One of Maryland's well-known Historically Black Colleges, Morgan State University, was named a National Treasure to help protect the campus's historic buildings.
Morgan State was founded in 1867 and was one the nation's first institutions to offer secondary education for African Americans.
President and CEO of National Trust for Historic Preservation Stephanie Meeks released a statement in reference to the ground breaking announcement, which said in part:
"The National Trust believes Historically Black Colleges and Universities tell an important and often overlooked American story. We are proud to partner with Morgan State University--nationally recognized innovator and education leader to demonstrate how the preservation of their remarkable older buildings can be springboard for growth, rejuvenation and revitalization."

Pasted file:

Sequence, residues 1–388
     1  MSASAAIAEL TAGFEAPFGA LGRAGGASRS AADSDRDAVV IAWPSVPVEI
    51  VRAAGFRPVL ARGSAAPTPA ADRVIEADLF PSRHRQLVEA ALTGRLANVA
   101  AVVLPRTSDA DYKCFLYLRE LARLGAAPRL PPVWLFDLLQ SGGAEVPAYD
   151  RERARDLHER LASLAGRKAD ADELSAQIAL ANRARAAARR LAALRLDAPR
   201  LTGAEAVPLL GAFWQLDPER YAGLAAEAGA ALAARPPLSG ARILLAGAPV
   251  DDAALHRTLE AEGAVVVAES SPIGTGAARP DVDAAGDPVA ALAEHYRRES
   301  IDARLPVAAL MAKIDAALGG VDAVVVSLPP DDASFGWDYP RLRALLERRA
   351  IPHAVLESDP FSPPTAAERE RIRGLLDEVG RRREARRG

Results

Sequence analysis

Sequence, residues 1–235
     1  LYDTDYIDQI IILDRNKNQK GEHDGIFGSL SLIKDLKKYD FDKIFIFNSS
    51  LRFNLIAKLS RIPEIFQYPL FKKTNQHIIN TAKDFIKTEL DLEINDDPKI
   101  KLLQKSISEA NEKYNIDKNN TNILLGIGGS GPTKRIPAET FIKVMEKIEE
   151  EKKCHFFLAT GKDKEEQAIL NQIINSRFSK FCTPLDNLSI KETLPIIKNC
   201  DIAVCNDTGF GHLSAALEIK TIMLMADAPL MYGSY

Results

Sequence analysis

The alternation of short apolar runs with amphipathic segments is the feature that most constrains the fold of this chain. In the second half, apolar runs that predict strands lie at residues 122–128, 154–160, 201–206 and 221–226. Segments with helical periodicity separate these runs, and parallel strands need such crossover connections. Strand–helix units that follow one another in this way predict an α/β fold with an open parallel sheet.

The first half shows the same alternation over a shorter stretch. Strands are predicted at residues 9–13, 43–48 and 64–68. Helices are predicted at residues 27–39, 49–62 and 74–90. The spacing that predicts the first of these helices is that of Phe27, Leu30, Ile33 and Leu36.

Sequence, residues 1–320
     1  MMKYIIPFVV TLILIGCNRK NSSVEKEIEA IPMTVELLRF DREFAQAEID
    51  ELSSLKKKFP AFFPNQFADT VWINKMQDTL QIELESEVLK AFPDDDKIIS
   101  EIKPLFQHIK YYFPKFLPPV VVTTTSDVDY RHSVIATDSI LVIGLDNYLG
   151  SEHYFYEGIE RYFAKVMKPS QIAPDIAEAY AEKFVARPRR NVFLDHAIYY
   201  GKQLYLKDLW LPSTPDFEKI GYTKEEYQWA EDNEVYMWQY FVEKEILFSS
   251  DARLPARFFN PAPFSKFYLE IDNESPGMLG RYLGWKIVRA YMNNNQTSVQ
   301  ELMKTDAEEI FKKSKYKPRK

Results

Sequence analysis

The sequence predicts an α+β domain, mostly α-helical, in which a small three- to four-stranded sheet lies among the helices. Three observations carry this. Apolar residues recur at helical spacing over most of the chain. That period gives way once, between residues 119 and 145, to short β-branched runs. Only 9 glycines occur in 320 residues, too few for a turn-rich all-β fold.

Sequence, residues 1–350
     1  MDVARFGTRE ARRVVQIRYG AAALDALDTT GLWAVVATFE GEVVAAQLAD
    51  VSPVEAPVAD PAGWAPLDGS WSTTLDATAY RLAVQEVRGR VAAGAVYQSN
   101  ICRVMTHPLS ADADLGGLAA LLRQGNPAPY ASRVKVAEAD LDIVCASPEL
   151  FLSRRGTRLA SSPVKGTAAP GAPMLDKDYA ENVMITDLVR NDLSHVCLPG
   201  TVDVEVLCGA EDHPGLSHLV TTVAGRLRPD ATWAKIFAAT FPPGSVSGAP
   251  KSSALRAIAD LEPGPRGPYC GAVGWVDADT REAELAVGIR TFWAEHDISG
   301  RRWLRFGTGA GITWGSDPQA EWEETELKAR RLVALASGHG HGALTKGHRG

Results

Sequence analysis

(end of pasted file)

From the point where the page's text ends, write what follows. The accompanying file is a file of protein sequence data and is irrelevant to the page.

University president Dr. David Wilson has worked closely with Dean Akers of the School of Architecture to preserve several parts of the campus, including the renovation of the University chapel.
"We have known of Morgan's significance on the higher education stage for many years and now, as we prepare to celebrate our 150th anniversary, the world will know that, in fact this university is a national treasure," Wilson said in a statement.
As a new National Treasure, portions of Morgan State's campus will be included among other historical landmarks. It will be the second Historically Black College in addition to Washington, D.C's Howard University to receive such a national honor.
The University will host a press conference Tuesday at 10 a.m. to make the official announcement public.